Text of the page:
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HPV Blamed for Rising Rates of Anal Cancer

HPV Blamed for Rising Rates of Anal Cancer


WEDNESDAY, Nov. 20, 2019 (HealthDay News) — Anal cancer rates have surged in the past 15 years, and the sexually transmitted human papillomavirus (HPV) may be to blame, a new study suggests.

“What was very shocking to us was that the rate and incidence of anal cancer has increased very fast,” said lead researcher Ashish Deshmukh. He’s an assistant professor in the department of health services research, management and policy at UTHealth School of Public Health, in Houston.

Overall, anal cancer rates and deaths are increasing nearly 3% per year, making it one of the fastest-rising cancers, he added.

Some groups are being hit harder than others.

Anal cancer cases and deaths from the disease have more than doubled for people in their 50s and 60s. And anal cancer rates among black men born after the mid-1980s has increased five times, compared with black men born in the mid-1940s, the researchers found.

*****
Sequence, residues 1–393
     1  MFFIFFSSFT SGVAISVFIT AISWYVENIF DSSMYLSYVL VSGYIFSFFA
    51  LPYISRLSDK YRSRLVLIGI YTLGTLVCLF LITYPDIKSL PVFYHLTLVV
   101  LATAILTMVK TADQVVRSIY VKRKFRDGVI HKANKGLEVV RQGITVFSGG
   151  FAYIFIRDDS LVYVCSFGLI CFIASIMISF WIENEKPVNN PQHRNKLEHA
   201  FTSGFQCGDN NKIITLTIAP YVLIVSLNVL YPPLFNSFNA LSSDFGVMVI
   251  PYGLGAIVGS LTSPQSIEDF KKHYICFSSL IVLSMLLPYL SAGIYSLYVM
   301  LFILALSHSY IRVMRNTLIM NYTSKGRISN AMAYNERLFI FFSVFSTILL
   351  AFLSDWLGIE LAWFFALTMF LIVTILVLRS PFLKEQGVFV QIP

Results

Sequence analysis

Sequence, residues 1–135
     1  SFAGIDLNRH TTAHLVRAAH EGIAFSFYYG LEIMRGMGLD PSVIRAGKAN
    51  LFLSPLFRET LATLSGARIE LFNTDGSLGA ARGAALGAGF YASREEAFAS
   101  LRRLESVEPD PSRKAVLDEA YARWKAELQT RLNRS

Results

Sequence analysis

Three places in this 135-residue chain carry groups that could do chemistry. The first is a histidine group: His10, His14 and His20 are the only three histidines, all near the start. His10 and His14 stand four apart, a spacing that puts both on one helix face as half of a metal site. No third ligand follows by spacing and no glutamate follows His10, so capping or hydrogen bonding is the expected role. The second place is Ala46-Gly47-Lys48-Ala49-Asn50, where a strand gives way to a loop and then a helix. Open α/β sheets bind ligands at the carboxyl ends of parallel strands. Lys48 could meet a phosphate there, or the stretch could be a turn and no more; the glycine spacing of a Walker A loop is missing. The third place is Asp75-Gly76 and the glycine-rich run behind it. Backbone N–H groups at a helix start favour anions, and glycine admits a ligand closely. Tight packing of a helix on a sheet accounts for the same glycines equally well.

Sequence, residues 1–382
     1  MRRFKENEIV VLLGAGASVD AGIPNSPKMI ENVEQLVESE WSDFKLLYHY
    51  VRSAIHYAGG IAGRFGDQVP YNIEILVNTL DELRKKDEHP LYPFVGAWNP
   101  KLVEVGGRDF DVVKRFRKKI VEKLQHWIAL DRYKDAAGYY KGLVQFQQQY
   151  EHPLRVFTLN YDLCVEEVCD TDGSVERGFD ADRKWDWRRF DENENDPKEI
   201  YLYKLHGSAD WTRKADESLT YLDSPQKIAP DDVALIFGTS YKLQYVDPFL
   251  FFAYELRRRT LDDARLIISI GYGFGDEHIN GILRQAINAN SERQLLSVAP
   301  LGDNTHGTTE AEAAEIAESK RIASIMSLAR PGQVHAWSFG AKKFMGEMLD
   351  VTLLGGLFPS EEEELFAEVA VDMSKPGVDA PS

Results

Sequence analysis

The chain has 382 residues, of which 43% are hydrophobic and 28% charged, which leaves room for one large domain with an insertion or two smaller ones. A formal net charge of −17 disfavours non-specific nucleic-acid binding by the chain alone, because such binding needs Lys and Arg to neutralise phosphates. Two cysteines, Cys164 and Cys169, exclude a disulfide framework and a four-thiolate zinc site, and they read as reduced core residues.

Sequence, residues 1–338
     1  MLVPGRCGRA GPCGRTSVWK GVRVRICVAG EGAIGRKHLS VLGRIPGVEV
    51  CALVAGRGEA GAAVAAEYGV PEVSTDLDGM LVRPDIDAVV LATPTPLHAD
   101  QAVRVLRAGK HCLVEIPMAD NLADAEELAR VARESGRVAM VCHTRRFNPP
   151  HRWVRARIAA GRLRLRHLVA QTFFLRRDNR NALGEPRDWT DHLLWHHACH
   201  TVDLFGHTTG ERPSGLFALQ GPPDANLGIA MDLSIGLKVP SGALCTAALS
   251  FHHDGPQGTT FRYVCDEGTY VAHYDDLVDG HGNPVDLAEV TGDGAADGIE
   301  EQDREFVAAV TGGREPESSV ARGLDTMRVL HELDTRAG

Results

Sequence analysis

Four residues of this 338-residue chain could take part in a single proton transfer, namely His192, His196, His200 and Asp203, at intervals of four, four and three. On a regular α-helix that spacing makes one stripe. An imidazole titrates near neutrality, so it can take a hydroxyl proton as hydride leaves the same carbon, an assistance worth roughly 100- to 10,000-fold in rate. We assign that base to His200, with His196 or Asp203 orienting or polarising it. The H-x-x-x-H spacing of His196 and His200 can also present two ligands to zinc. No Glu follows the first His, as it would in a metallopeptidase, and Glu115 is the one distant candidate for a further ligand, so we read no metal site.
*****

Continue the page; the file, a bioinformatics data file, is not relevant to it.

Also, the diagnosis of late-stage anal cancer has increased 7% per year, which Deshmukh said is very troubling because survival rates, once the cancer has spread, are very low.

Conversely, if anal cancer is caught early, the five-year survival is close to 70%, he noted.

HPV is preventable with a vaccine. Ideally, the two doses of vaccine are given to boys and girls before the age of 15 or three doses if vaccination starts at ages 16 through 26.

However, 50% of Americans who are eligible are not vaccinated, which could lead to a wave of new infections and an increase in anal cancer rates in the coming decades.

Deshmukh said that HPV vaccine should not be called a vaccine to prevent a sexually transmitted disease, but a vaccine to prevent cancer.

Anal cancer is not on most people’s radar, even though it caused the death of actress Farrah Fawcett in 2009. The illness has also been diagnosed in former “Desperate Housewives” star Marcia Cross, whose husband also developed throat cancer linked to HPV.

Anal cancer develops at the end of the gastrointestinal tract. It’s not like colon or rectal cancer because of its location and because it involves different cells than those cancers.





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